The commentary around the recent release of The Faces of the Future report—including blog posts from my colleagues John McGuirk and Emiko Ono—has been fascinating to me. Not just professionally, but personally, because I am one of the NextGen Arts Leaders that the report is talking about. I have benefited directly from the NextGen Initiative’s efforts through a Center for Cultural Innovation grant to travel to New Orleans, where I studied with Urban Bush Women to deepen my dance practice. And it was through an Emerging Arts Professionals/San Francisco Bay Area Facebook post that found my current position as a two-year fellow with the Hewlett Foundation’s Performing Arts Program.
What I found most compelling about the report were the sections on intergenerational dialogue and the importance of creating stronger networks for arts leaders of color. On my own career journey, I have received considerable support from caring mentors and elders, as well as from being part of a community of likeminded folks of color. I would like to share my experience—as a cultural worker, arts administrator, and dance artist—to inform the conversation about investment in up-and-coming arts leaders, and, in particular, support for arts leaders of color.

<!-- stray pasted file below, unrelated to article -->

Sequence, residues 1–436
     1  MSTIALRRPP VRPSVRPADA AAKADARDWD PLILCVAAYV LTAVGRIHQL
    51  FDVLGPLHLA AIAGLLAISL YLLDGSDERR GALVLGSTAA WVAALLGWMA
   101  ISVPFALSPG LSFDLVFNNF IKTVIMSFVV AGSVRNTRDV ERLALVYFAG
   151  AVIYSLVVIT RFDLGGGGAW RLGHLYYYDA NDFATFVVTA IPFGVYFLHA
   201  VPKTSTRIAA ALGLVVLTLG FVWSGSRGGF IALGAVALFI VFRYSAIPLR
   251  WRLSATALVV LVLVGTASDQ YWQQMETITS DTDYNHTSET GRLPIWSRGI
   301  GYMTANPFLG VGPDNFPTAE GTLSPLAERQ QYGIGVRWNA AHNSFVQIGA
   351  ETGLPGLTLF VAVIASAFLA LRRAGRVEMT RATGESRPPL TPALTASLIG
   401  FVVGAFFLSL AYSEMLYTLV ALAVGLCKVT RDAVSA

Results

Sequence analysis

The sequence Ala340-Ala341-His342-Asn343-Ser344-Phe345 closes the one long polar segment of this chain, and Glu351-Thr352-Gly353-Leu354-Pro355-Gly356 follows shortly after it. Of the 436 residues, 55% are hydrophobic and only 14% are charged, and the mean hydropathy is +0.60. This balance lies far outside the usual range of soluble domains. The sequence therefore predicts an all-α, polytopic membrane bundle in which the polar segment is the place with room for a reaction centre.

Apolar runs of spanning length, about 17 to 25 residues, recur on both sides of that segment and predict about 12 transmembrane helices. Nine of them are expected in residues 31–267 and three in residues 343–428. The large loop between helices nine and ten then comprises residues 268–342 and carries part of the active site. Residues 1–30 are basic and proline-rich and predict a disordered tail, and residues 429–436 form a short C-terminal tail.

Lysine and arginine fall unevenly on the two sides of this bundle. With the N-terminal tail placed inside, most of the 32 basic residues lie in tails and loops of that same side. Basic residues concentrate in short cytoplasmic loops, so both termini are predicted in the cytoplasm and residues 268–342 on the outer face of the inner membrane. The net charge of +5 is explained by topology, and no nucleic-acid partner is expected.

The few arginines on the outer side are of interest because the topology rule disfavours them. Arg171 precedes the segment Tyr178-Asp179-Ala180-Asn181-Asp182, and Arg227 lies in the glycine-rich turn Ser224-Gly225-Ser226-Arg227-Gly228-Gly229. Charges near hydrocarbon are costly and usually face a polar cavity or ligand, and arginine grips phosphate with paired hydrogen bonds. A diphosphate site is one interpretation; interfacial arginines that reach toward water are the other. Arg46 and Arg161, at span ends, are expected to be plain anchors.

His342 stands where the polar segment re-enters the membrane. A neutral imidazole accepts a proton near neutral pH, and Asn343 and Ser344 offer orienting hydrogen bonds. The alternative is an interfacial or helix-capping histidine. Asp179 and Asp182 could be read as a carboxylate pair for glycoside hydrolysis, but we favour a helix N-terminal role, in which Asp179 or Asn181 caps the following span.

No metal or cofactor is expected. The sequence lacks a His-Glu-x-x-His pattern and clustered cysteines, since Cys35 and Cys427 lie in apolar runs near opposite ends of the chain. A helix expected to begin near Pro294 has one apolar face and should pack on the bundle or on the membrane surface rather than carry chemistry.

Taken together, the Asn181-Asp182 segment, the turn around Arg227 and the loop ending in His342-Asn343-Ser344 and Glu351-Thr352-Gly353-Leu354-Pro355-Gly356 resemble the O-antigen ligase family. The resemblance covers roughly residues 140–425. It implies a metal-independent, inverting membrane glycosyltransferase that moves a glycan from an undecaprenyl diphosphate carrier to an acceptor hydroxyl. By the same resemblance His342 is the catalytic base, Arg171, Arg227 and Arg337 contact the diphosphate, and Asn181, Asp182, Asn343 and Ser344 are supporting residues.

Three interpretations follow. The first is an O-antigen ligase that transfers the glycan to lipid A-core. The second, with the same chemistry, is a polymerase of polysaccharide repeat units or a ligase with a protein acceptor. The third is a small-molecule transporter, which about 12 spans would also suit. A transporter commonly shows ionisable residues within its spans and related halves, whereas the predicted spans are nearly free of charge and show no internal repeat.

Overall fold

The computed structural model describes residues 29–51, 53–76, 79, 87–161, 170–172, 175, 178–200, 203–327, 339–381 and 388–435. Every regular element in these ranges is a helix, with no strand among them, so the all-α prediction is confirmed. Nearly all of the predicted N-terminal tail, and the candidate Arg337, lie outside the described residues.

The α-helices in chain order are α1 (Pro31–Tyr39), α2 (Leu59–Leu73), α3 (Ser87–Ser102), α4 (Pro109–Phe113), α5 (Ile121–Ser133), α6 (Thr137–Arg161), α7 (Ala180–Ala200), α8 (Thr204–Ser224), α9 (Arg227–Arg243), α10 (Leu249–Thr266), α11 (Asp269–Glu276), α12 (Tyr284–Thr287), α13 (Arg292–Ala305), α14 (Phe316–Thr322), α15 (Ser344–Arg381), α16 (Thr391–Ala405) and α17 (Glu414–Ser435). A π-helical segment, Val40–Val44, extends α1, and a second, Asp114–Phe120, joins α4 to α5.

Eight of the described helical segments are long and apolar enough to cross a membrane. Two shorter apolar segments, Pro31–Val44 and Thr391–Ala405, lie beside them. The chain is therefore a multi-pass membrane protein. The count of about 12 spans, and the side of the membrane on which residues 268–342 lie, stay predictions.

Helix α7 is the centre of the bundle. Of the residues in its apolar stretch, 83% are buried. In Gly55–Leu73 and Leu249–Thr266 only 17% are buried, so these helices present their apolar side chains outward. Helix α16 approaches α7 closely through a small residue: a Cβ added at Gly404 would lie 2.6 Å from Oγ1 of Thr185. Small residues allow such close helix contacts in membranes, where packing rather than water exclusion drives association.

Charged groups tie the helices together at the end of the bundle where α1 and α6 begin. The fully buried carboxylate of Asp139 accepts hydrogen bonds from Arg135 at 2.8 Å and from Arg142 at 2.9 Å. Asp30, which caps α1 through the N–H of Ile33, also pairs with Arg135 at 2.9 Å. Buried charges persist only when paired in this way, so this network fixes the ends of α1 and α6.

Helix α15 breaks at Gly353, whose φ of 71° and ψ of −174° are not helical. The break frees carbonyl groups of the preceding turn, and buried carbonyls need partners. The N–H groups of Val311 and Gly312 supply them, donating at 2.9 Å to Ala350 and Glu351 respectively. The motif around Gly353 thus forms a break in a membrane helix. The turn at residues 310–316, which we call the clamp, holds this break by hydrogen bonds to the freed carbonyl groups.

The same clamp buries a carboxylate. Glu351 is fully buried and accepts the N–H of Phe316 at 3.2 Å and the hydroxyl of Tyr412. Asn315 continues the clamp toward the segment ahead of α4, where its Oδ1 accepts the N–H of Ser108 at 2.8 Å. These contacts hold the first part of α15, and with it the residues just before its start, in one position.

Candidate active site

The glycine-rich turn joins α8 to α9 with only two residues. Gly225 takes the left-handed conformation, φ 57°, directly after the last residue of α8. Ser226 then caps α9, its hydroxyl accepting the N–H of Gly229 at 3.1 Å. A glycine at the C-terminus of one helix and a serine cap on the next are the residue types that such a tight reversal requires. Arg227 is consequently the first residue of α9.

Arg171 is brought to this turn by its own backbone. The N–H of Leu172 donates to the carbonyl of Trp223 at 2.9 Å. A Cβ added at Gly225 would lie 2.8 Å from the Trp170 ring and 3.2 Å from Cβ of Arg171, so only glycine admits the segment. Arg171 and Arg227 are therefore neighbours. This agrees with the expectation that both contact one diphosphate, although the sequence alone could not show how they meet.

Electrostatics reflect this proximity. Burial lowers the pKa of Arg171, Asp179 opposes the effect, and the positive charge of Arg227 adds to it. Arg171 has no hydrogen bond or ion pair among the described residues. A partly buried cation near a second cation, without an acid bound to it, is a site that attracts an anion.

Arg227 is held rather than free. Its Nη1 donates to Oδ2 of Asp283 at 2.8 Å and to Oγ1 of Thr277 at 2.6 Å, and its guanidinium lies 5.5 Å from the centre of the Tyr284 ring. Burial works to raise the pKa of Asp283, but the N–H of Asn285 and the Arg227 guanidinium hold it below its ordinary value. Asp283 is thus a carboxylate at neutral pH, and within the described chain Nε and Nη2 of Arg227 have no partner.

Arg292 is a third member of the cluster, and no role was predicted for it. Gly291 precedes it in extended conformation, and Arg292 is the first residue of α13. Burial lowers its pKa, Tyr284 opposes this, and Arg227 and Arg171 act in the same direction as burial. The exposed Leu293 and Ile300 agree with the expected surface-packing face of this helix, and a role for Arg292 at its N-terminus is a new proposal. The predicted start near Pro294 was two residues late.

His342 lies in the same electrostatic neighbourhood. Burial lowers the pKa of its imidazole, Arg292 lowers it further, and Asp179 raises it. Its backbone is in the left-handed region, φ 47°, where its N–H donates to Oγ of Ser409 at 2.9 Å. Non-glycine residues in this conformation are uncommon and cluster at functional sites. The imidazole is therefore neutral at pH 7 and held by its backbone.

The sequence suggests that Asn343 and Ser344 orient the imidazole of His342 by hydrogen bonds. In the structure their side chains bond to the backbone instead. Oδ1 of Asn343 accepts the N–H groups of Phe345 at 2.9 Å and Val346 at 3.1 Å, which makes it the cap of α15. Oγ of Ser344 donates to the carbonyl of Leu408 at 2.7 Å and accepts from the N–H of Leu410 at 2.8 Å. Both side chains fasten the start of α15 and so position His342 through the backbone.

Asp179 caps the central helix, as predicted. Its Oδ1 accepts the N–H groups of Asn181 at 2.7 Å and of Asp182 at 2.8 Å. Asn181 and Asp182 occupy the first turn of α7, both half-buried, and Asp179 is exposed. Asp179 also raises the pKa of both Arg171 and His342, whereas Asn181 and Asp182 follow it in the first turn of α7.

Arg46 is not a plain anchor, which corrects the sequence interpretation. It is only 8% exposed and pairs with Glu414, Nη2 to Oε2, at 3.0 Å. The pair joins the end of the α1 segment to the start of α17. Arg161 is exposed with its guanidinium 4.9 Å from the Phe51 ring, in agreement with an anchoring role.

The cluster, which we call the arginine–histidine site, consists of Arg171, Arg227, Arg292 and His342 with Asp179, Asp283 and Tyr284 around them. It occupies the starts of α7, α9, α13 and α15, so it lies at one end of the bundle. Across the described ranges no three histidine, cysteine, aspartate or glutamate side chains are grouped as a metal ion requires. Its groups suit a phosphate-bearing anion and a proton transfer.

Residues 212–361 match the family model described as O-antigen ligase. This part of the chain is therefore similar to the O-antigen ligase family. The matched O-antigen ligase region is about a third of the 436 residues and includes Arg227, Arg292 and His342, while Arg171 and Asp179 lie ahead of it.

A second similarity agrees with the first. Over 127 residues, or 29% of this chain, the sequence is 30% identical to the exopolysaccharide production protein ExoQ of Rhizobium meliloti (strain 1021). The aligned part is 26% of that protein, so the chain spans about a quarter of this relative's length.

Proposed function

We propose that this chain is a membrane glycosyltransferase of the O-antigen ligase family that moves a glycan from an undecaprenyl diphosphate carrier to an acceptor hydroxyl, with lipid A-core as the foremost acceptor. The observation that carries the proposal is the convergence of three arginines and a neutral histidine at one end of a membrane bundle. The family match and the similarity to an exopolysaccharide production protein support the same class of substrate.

This isn’t just about a career. It’s about purpose.
In reflecting on the findings in the report, I kept thinking, “What is our call to action as arts administrators?” Often, the conversation is solely career focused, looking only at the next job, the next opportunity. NextGen arts leaders must operate in multiple roles to sustain ourselves financially, personally, and spiritually. For example, I am a mom, an advocate, a community convener, a dance artist, and a producer. All of us move in the world with a multiplicity of identities, yet we continue to talk about arts and culture in siloed ways, as if art and culture are not the foundations upon which we express our humanity. We don’t live our lives in silos, so why do we approach our work that way? Being an arts administrator is more than just my career; it deeply reflects my values and passions. My work investing in the creative capacity of communities is bound up with my work of being a mom and building a world where my son (a mixed black boy with queer parents) can feel safe and at home wherever he goes. Art and culture dictate and shape our realities and perceptions, and therefore are integral to creating social change. If I am not creating a better society for my son to grow up in, then why do the work that I do?